It was only last week that Andrew Wilkie, trying to deal himself back into relevance, warned the government it may need him yet.
The Tasmanian declared that if the government did not make semantic changes to the watered-down poker machine reforms it put together after reneging on their original deal, then he would become ''a ticking time bomb'' between now and the next election.
''If they come back to me needing my support again, as far as poker machine reform goes, the price will be mightily higher,'' he said.
Wilkie gave the government until the close of business on Friday to meet his demands but then extended the deadline over the weekend.
At the time, he did not know about the allegations against the Speaker, Peter Slipper, which became public on Saturday. Wilkie just cited the uncertainty surrounding the Labor MP Craig Thomson and the possibility another MP could fall ill.
As of now, the government is not rushing back to Wilkie cap-in-hand, offering him the world, but neither is it confident about how this unfolding disaster will end.
One gets the feeling that Julia Gillard is going to spend the bulk of her time in Singapore and Turkey this week somewhat preoccupied.
In an era of politics where the presumption of innocence has been abandoned, it should be remembered the sexual harassment claims against Slipper are a civil claim, and the allegations that he misused Cabcharge vouchers are being assessed by the police, but not yet a formal investigation.
They are not even close enough to demand his ousting from the Parliament, but enough to fuel opposition claims that it is alleged conduct unbecoming of the holder of such an office and demands that he step down until the issue is resolved.
If Slipper were to resign as Speaker - and he would have to resign if he wanted to stay in the chamber and vote - and move to the crossbenches, Labor's deputy speaker, Anna Burke, would fill the chair.
To maintain minority government and pass legislation, Labor would then need four votes. These would come from Adam Bandt, Tony Windsor, Rob Oakeshott and either Slipper or Wilkie.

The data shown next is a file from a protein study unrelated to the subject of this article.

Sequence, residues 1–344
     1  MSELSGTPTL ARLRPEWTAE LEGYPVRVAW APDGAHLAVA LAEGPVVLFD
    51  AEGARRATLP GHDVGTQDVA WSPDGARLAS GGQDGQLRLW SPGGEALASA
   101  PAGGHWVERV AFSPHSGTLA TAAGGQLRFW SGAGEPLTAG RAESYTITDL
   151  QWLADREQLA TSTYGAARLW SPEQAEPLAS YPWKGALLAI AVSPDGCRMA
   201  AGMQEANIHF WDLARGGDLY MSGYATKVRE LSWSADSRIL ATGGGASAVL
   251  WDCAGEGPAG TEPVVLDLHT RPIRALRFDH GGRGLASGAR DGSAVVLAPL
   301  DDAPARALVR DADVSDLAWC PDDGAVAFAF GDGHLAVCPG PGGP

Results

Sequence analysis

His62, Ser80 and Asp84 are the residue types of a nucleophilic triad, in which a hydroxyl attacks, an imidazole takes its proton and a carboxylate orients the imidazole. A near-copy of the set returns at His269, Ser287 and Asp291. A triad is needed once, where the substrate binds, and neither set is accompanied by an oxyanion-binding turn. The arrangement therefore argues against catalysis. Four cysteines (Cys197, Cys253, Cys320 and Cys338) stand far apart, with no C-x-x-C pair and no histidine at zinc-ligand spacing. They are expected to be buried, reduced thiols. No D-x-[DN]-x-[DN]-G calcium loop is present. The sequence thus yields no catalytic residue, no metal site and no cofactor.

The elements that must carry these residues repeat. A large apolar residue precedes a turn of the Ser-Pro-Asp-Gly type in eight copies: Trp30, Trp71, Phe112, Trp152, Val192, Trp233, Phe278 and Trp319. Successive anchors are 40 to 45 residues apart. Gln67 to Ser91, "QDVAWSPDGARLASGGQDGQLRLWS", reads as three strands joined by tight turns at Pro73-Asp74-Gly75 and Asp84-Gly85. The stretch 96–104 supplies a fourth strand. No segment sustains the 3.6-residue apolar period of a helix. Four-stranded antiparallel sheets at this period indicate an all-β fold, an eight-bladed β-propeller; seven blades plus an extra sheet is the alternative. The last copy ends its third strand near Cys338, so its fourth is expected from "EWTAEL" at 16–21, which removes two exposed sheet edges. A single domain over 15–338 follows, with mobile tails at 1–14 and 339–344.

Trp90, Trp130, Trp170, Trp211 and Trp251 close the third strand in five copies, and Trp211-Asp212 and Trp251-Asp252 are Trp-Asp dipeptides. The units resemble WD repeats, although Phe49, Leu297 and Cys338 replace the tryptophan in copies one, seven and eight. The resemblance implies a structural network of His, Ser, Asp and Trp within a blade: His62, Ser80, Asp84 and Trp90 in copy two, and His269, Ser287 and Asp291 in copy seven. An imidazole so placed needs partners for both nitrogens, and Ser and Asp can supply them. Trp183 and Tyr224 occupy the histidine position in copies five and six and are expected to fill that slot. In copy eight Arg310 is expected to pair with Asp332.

If Slipper, who stepped aside yesterday, has not returned to the Speaker's role in a fortnight, he would not be able to vote when Parliament resumed. In this case, Burke would be required to use her casting vote to break a 74-74 tie in the event of Wilkie siding with the opposition, Bob Katter and Tony Crook.
As is being mooted internally, Thomson, too, could be shifted to the crossbenches until matters concerning him were resolved. That would be five crossbenchers on which the government would have to depend.
Consequently the government does not want Slipper to resign, preferring to wear the odour of tainted support. Slipper maintains his innocence, showing no inclination to jump. All roads now point to budget day, May 8, the next time Parliament sits.
The Slipper affair will cruel the momentum the government began building last week with a strong defence of its surplus target and a good policy announcement on aged care - all against the backdrop of growing policy inconsistency and internal unrest in the opposition.
Now there is a chance that while journalists are entombed until 7pm in the annual budget lock-up, Abbott will move a no-confidence motion in Slipper. To succeed, this would need the support of at least Windsor or Oakeshott, but both said yesterday they were inclined to allow proper legal process to take its course.
Abbott has been previously reluctant to move no-confidence motions he cannot win, meaning no decision will be made until closer to the day.
Windsor, who held a balance of power position in the Greiner government, told this column that when Greiner was the subject of an adverse finding by the Independent Commission Against Corruption in 1992, he stood by the-then Liberal premier because the appeal process had yet to be exercised. Greiner's colleagues were not so charitable and he was forced out, only to be cleared later by the proper process.
Technically, therefore, Labor should survive this latest disaster but what's left of its image will take another hammering. Having said that, the Coalition should not get off scot-free either. By its own admission, Slipper was a protected species for the many years he was a Coalition MP during the Howard government and in opposition. They did nothing about it, continued to preselect him and Abbott was prepared to use his support to form minority government.
The truth is, Slipper has been the ticking time bomb. Gillard happened to be holding it at the wrong moment.
Phillip Coorey is The Sydney Morning Herald's chief political correspondent.